The amount of solute within the solvent determines the property called concentration . The concentration is the ratio of the amount of solute to the amount of solvent, and the higher this ratio, the greater the share of the solute in the properties of the solution. Of course there is a maximum amount of solute that can be mixed with the solvent, and this will tell how far the solution can be concentrated. This property is called solubility .
Types of solutions
Solutions can be classified according to two criteria:
- The physical states of its components
- The amount of solute or concentration
Types of solutions according to physical states
Substances in all physical states can be mixed, resulting in solutions of the following types, indicated in the solvent-solute mode :
- Solid-gas solutions , such as pumice stone that has air in its structure.
- Solid-liquid solutions , such as wet sand.
- Solid-solid solutions , such as bronze, which is an alloy of copper and tin.
- Liquid-gas solutions , such as carbonated water.
- Liquid-liquid solutions , such as water with alcohol.
- Liquid-solid solutions , such as sugar water.
- Gas-gas solutions , such as ambient air, which has nitrogen, oxygen, and more gases.
- Gas-liquid solutions , such as aerosols that carry liquid particles.
- Gas-solid solutions , such as smog, which carries combustion gases and soot.
Types of solutions according to their concentration
According to the proportion of solute that they have with respect to that of solvent, the solutions will be classified as follows:
- Diluted solutions: they have little solute.
- Concentrated solutions: they have a considerable amount of solute.
- Saturated solutions: they have as much solute as they can dissolve; they are on the edge.
- Supersaturated solutions: they have too much solute and their particles are beginning to be noticed, so that the mixture is no longer homogeneous.
In the case of supersaturated liquid solutions, these can be subjected to heating , and at these high temperatures the point at which the excess solute can be incorporated will be reached, until this mixture will become a saturated solution. This is the case of the sugar water solution. At room temperature, it becomes saturated and the sugar settles to the bottom of the container. However, if boiled, they can dissolve even in equal parts.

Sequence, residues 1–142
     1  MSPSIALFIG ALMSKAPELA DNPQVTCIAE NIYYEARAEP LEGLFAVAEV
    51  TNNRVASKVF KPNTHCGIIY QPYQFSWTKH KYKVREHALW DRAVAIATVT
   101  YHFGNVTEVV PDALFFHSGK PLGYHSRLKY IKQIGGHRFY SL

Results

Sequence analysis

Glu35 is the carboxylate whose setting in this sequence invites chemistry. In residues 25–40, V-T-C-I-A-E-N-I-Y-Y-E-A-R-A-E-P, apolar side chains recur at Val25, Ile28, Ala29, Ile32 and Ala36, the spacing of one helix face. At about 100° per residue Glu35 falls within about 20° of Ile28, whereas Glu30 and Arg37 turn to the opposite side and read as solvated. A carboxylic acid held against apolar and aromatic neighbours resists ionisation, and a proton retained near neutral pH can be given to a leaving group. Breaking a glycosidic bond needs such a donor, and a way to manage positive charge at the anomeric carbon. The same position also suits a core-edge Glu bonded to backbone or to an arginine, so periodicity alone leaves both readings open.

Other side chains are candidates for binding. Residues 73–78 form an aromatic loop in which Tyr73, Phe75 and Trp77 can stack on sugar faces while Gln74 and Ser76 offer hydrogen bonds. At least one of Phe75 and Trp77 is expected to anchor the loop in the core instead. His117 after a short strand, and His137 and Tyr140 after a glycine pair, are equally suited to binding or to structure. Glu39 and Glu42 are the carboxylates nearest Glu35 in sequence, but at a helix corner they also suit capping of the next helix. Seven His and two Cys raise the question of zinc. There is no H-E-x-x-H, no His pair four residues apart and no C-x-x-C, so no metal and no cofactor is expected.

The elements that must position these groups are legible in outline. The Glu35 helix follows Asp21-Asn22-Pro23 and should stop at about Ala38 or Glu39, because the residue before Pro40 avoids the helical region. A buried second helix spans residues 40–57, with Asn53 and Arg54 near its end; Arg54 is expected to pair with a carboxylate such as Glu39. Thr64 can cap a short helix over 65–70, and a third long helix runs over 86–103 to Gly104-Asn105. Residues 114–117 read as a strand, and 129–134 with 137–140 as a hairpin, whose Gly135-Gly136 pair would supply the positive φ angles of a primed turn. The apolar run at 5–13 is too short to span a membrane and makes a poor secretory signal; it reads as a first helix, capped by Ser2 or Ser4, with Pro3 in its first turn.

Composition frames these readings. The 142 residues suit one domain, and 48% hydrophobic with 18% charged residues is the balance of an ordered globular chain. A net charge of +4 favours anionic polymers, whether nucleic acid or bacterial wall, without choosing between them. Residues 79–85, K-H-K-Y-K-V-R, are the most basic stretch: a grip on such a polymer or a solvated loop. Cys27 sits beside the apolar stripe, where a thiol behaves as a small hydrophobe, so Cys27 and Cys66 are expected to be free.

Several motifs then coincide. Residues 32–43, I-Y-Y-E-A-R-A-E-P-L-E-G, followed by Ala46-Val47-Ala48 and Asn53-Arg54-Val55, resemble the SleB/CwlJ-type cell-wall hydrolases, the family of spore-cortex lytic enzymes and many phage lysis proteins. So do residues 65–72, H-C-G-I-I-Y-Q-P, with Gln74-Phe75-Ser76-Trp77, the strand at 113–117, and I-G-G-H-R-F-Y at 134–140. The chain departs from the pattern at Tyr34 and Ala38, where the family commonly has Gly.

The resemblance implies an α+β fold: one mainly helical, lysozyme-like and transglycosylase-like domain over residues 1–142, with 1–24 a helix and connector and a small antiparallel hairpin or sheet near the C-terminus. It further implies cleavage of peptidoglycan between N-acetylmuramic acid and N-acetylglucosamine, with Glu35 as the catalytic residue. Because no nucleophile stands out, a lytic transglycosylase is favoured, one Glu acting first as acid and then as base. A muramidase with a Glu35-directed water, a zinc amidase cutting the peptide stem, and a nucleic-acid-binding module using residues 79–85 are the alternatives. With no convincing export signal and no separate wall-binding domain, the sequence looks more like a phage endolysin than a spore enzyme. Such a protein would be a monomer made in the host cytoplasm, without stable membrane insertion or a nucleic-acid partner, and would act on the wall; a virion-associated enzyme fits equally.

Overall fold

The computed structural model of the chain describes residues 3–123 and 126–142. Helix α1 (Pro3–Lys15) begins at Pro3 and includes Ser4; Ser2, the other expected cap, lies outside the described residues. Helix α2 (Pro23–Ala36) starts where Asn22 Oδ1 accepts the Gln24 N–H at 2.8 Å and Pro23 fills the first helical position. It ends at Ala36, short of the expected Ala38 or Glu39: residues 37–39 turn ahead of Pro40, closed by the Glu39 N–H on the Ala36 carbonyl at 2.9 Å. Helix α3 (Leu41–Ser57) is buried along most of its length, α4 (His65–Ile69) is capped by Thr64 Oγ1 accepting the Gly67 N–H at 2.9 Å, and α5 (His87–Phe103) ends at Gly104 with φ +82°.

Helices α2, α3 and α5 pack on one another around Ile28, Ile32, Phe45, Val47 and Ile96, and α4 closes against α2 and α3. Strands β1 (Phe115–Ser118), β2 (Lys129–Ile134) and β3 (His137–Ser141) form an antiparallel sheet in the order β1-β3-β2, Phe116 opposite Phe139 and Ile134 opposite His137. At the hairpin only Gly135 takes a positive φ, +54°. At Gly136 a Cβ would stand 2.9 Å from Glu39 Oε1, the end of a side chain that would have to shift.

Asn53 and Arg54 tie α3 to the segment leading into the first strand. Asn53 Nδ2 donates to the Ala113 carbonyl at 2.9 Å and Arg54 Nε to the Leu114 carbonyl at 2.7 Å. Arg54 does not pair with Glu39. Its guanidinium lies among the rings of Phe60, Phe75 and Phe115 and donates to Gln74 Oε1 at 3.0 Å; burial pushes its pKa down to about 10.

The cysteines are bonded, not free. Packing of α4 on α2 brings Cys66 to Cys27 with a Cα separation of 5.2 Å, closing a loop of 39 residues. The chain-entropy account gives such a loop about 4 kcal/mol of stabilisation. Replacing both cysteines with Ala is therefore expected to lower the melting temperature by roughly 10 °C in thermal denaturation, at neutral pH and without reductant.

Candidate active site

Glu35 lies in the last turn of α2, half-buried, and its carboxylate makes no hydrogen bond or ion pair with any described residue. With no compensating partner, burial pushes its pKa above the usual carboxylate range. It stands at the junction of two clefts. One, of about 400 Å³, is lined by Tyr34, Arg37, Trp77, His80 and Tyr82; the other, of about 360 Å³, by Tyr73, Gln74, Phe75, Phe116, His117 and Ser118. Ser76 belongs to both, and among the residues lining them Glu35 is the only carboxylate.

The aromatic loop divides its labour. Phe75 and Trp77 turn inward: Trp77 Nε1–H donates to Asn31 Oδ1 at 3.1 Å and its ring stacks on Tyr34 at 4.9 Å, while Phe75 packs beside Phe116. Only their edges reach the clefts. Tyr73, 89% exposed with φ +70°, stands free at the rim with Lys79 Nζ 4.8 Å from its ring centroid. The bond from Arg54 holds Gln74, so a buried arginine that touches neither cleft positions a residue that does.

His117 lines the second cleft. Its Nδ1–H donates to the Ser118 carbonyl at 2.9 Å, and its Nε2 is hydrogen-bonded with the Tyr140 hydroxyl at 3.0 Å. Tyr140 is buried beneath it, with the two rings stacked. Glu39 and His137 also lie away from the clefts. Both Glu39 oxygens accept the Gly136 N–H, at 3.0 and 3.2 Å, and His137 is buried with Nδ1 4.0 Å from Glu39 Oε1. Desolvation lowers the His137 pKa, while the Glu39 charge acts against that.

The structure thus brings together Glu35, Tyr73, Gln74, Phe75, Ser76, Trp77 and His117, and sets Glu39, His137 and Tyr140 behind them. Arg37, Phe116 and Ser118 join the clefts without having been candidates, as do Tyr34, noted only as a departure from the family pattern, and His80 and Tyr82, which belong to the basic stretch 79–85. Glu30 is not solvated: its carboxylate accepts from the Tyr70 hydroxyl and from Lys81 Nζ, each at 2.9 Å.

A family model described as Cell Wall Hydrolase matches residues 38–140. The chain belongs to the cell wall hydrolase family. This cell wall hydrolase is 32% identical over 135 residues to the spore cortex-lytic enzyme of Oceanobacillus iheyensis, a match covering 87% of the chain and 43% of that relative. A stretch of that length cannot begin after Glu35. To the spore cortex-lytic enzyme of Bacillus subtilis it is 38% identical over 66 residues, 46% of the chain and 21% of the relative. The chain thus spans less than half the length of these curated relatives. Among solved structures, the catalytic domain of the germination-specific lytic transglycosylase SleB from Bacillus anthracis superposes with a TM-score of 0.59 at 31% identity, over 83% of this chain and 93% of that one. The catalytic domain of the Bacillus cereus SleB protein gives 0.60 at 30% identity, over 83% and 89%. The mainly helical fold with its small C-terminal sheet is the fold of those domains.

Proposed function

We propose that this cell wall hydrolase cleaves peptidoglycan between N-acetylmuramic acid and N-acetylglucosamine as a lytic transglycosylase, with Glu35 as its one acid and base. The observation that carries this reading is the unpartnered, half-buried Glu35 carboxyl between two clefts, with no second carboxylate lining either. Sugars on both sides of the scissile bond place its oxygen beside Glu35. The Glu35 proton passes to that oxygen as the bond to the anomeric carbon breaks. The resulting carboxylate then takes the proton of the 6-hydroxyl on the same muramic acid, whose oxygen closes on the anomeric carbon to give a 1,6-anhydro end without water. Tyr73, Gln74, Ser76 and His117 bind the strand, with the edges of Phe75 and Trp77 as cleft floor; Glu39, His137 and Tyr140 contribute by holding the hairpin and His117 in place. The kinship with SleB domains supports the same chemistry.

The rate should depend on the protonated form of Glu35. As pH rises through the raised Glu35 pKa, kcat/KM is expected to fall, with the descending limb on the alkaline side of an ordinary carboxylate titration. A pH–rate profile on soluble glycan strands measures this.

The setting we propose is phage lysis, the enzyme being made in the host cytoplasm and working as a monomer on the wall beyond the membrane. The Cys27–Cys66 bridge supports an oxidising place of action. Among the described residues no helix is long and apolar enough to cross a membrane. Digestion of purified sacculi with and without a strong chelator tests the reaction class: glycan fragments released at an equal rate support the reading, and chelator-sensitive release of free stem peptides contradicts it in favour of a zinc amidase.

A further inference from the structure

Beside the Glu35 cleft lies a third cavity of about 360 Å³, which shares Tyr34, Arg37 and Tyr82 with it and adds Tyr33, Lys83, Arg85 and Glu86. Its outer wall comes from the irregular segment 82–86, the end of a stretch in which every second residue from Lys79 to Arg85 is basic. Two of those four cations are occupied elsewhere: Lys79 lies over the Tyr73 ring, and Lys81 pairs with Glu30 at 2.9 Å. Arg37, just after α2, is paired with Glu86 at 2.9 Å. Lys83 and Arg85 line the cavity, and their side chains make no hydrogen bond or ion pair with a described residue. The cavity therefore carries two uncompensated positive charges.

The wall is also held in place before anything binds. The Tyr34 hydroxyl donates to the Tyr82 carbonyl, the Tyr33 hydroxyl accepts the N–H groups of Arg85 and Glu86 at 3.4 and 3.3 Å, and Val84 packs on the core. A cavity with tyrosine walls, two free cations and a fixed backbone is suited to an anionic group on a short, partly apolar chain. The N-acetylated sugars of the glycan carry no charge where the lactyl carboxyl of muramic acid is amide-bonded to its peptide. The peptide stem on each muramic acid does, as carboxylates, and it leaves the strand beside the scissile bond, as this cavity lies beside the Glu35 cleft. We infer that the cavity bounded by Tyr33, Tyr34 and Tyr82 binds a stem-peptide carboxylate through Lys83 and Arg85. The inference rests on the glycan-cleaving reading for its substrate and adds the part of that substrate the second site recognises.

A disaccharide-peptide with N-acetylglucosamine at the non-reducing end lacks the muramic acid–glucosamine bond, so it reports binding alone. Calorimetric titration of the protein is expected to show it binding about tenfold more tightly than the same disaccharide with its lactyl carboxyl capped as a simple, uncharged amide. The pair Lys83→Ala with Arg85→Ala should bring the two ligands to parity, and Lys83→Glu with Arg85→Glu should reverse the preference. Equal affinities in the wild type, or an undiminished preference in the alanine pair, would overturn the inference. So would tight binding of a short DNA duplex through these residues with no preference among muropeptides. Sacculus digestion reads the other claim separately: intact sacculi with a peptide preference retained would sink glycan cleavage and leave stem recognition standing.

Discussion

30 examples of solutions
- Sugar water : sugar is the solid solute. Water is the liquid solvent.
- Coffee with milk : coffee is the solid solute. Milk is the liquid solvent.
- Oil paint with thinner : thinner or thinner is the liquid solute. Oil paint is the solvent if it is found in greater quantity.
- Salt water : salt is the solid solute. Water is the liquid solvent.
- Air : solutes are the gases with a lower proportion, such as oxygen and noble gases. The solvent is nitrogen, which covers more than 3/4 of the entire mixture.
- Hydrogen peroxide : hydrogen peroxide is the liquid solute. Water is the liquid solvent.
- Oxygen in water : oxygen is the gaseous solute. Water is the liquid solvent. It is the oxygen that the fish assimilate for their breathing.
- Mayonnaise: it is an emulsion that contains oil, vinegar, egg, salt, among other ingredients.
- Steel: it is an alloy that contains solid iron with other elements, such as a portion of carbon to increase hardness.
- Carbonated water: it is a solution of water with carbon dioxide gas as solute.
- Wine: wine is a mixture that contains water, the fermented sugars of the grape and microparticles of this fruit that provide antioxidants.
- Beer: it comes from mixing barley with yeast and hops.
- Grout: it is a mixture widely used in construction consisting of water and lime.
- American coffee: it is the concentrated mixture that contains the coffee extract in water.
- Espresso coffee: it is the saturated mixture that contains the coffee extract in little water.
- Milk chocolate: it is a solution of solid chocolate, with its own constituents, and milk as a solvent.
- Liquid soap: it is the result of mixing surfactants, flavorings and other cleaning agents.
- Black water: it is the mixture of domestic and industrial waste that is carried by water as a solvent.
- Fog: it is the mixture of water vapor particles with those of the air.
- Nail varnish: it is the mixture of acetone with dicarboxylic acids.
- Sand: it is the mixture of the tiny particles of different minerals, including silicon dioxide, silicates and carbonates.
- Gold dental amalgam: Mercury acts as a solvent to incorporate other metals such as gold. The result is a mixture that can solidify to protect a tooth.
- Smog: it is the mixture of combustion gases that act as solvents, and particles such as soot and dust as solutes.
- Blood: it is the mixture of plasma as solvent and red, white blood cells and thrombocytes as solutes.
- Sweat: it is a solution composed of water as a solvent and salts such as sodium chloride as waste.
- Hydrochloric acid solution: in minimal concentrations, it is used to carry out neutralization titrations in industrial laboratories.
- Sulfuric acid solution: in minimal concentrations, it is used to carry out neutralization titrations in industrial laboratories.
- Sodium chloride solution: used in argentometry, to standardize silver nitrate solutions. The latter are used to analyze chlorides in water samples.
- Glucose water
- Water with honey